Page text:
Day 18: The Final Round up: 15th May 2017

With this sort of independent travel you nearly always win some and loose some. So far we had won them all but yesterday we felt we were about to loose this one.

We had decided to change our arrangements a couple of days ago. Originally we were due to move from Togura to Karauizawa for one night and then to Isobe Onsen for our last night on the road. Our original intention was to try to cross the Usui Pass which is the final part of the Nakasendo trail. But we could not find any trail information before we came to Japan. We knew this was a 14km hike. But we did not know if we could have our backpacks sent ahead. I knew I could not carry my pack that far with the gammy hip. So we decided to skip Karauizawa and go straight to Isobe Onsen. We managed to cancel our booking in the one place and extend our stay in the other. BAD plan!!!!

When we mentioned to our host in Togura that we were headed to Isobe for two days, He looked shocked. He asked “why”. So we said we liked the name Isobe Onsen.

We set off south from Togura to Ueda on a local train. From there we got the bullet to Takaski. This is a big train intersection. From there we got another local train to Isobe. On arrival we were confronted with the sight of a huge refinery! The station was fine if small and rural. We knew fairly well where our hotel was situated, thanks to Dr. Google. Off we set. Well this place is not like almost anywhere else we have ever been. There seems to be no one living here. The shops are all closed and very run down. We have hardly seen a living soul everyone seems to have packed up and left town. We did not spot our hotel so I saw a light in what looked like an office. I went in and there was several people sitting behind a long counter. When I entered the young woman at desk one’s eyes became huge and totally round. I do not think she had ever seen a European in her office before. However being Japanese she jumped up and offered to accompany us. It was, in fact, just back down the road.

The hotel is really nice but we are the only people here. There are about twenty pairs of red slippers lined up in the reception area. The owner does not have a single word of English and our Japanese is limited to “thank you” and “hello”!!! But she is delightful. We set off to explore the place. There is a gigantic hotel that looks like a Russian built hotel, reminded us of Yugoslavia in the 70’s or 80’s. Other than a man making biscuits in the window of a shop the place was devoid of human life.

That evening we asked where we could eat dinner. Our hotel owner showed us the only place that was open on a map. We had passed a rather seedy place on our way to the hotel and behold this was the place she recommended. So off we set. It was indeed very basic. A husband and wife team were running it. They did not have any English nor did they have pictures of the food, as many restaurants do. But, by now, we know many Japanese dishes so we were able to order two Udon with soba noodles. The food was fine if simple and very cheap.

Our hotel has a wonderful onzen which we have to ourselves.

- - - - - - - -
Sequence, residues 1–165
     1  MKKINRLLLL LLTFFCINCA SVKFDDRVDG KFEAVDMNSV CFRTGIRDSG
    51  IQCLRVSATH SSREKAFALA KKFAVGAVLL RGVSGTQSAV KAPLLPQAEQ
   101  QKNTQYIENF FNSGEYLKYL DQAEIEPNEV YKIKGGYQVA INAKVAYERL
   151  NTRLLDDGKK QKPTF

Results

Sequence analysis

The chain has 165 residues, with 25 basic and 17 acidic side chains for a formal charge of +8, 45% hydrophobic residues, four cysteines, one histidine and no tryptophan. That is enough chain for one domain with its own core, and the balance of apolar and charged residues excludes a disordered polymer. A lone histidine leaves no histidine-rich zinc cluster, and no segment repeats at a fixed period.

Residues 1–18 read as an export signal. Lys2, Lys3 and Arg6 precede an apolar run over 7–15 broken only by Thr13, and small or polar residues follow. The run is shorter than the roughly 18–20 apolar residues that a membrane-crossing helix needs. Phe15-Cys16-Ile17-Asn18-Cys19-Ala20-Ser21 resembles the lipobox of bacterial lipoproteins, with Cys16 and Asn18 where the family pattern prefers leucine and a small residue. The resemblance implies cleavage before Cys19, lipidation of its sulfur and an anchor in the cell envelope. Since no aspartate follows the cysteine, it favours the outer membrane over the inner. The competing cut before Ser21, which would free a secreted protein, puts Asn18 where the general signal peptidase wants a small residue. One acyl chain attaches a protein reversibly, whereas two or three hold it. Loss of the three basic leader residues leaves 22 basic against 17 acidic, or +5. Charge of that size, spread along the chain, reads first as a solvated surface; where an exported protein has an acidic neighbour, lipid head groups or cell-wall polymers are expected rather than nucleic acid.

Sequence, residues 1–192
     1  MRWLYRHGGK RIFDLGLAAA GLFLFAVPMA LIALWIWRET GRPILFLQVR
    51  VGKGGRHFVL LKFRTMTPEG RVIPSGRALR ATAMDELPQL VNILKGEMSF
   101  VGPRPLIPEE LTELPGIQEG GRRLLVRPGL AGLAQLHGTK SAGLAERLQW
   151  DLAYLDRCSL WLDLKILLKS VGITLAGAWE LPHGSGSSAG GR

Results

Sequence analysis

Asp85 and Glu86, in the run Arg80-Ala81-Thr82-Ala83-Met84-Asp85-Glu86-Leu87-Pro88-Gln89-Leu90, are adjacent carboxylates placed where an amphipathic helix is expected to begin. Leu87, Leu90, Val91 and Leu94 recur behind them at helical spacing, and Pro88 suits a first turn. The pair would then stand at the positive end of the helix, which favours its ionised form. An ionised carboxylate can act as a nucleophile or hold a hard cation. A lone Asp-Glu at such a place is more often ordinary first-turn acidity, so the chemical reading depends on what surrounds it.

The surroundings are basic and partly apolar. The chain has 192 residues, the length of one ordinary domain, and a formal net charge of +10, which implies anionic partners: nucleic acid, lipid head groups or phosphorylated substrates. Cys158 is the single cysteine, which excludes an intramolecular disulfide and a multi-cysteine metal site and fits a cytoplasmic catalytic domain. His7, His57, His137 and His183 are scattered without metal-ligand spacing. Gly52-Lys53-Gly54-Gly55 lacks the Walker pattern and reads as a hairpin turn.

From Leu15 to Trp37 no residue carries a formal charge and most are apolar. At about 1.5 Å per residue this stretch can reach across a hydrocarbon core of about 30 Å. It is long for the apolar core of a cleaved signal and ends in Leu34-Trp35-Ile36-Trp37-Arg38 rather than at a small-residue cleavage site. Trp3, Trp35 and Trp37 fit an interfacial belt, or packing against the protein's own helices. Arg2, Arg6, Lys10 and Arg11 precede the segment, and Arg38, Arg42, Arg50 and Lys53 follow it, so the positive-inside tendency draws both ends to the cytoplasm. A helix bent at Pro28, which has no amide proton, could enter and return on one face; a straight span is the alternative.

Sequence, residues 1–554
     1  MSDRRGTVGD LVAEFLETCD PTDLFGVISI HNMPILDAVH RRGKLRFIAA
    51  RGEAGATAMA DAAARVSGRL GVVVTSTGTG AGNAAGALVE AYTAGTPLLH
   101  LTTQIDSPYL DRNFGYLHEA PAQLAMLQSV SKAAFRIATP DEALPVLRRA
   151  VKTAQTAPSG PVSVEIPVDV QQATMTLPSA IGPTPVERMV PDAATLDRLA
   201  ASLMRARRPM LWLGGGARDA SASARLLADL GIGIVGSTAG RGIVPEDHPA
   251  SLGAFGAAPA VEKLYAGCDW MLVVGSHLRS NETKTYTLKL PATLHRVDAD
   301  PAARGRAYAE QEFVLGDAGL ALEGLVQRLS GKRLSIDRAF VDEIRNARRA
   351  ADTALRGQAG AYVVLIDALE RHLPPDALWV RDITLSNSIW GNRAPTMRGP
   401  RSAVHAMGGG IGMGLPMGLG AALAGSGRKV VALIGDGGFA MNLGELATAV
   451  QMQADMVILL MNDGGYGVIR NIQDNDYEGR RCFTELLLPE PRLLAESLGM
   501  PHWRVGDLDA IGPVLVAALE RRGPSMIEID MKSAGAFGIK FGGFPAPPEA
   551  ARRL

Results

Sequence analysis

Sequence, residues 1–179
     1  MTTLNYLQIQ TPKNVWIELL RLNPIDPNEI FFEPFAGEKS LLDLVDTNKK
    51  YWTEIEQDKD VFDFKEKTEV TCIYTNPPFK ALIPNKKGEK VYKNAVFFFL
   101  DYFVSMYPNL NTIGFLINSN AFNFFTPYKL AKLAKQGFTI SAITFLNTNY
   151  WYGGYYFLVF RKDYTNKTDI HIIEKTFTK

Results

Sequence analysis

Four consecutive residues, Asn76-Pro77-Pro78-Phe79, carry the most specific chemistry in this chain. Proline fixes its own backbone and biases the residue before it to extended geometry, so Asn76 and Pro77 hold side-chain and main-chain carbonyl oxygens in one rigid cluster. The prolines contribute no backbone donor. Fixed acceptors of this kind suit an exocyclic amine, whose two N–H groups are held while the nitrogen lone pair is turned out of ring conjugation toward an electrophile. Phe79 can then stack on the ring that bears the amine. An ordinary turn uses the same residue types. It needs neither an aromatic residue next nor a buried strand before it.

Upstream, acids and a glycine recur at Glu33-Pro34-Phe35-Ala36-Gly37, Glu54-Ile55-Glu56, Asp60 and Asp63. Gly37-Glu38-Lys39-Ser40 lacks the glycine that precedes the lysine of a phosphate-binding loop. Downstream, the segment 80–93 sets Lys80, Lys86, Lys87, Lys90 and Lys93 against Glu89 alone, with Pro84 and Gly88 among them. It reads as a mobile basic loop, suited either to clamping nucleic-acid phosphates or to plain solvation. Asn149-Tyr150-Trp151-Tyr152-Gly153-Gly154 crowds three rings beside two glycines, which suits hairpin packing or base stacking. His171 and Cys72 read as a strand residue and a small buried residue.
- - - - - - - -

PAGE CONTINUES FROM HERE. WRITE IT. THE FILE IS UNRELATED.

We decided we had made a mistake coming here and wanted to check out what we had missed in Karauizawa today. With our JR rail passes we can travel about almost anywhere we want.

Back we went and discovered a totally different side of Japanese life. Karauizawa is a ski resort and extremely sophisticated and rich. The railway station was huge and modern, with a marble floor!! There was a big school group on our train and they alighted at the same station as ourselves. What amazed us was their discipline. There was about 250 teenage girls in the group. They all rose together  when given the signal by  a their teacher. They walked calmly and in line out of the train and along the station platform. Their English teacher was with them so we chatted to him. They were on a four day sports camp.

There was an information center right there in the station. We paid them a visit and tried to get information about walking in the area. The lady had only a few words of English but the map was great.

We followed a trail through a wooded area on the edge of town where we discovered where rich Japanese have their holiday homes. One house was bigger and more elaborate than the next. Many were very American in style. Most of the sites would accommodate ten families in Tokyo or Kyoto or in most of the towns we have visited. All but two were empty at the moment. There was a magnificent house under construction, not very big, modern style, but constructed entirely of cedar, you could smell it from all around. This in a country where most people live in miniscule accommodation, in places like Kyoto there are posh places but very few houses have a garden, maybe a little border, but no garden as we would understand it. So Japan has its ‘haves’ and ‘have nots’. Also in this area we came across a very posh hotel called Cotswolds House!!

Needless to remark there was a Rolls Royce parked outside. The walk was about 7 km but we could not find anywhere to sit and have our sushi picnic lunch!!! Every square centimeter of this wooded area is privately owned. We eventually sat on a bench by a bus stop. We came across a posh shopping street, a Ginza, quite bizarre.

It was a really interesting day. These two places, the one where we are staying at called Isobe, and Karauizawa, are like night and day to each other. Yet they are only about 50 or 60 kms apart.

Off to Tokyo tomorrow, scheduled to arrive in London lunchtime Thursday 18th.

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I am a photographer dividing my time between ireland and France. I am interested in all aspects of photography including portraits, nature both real and fantasy and travel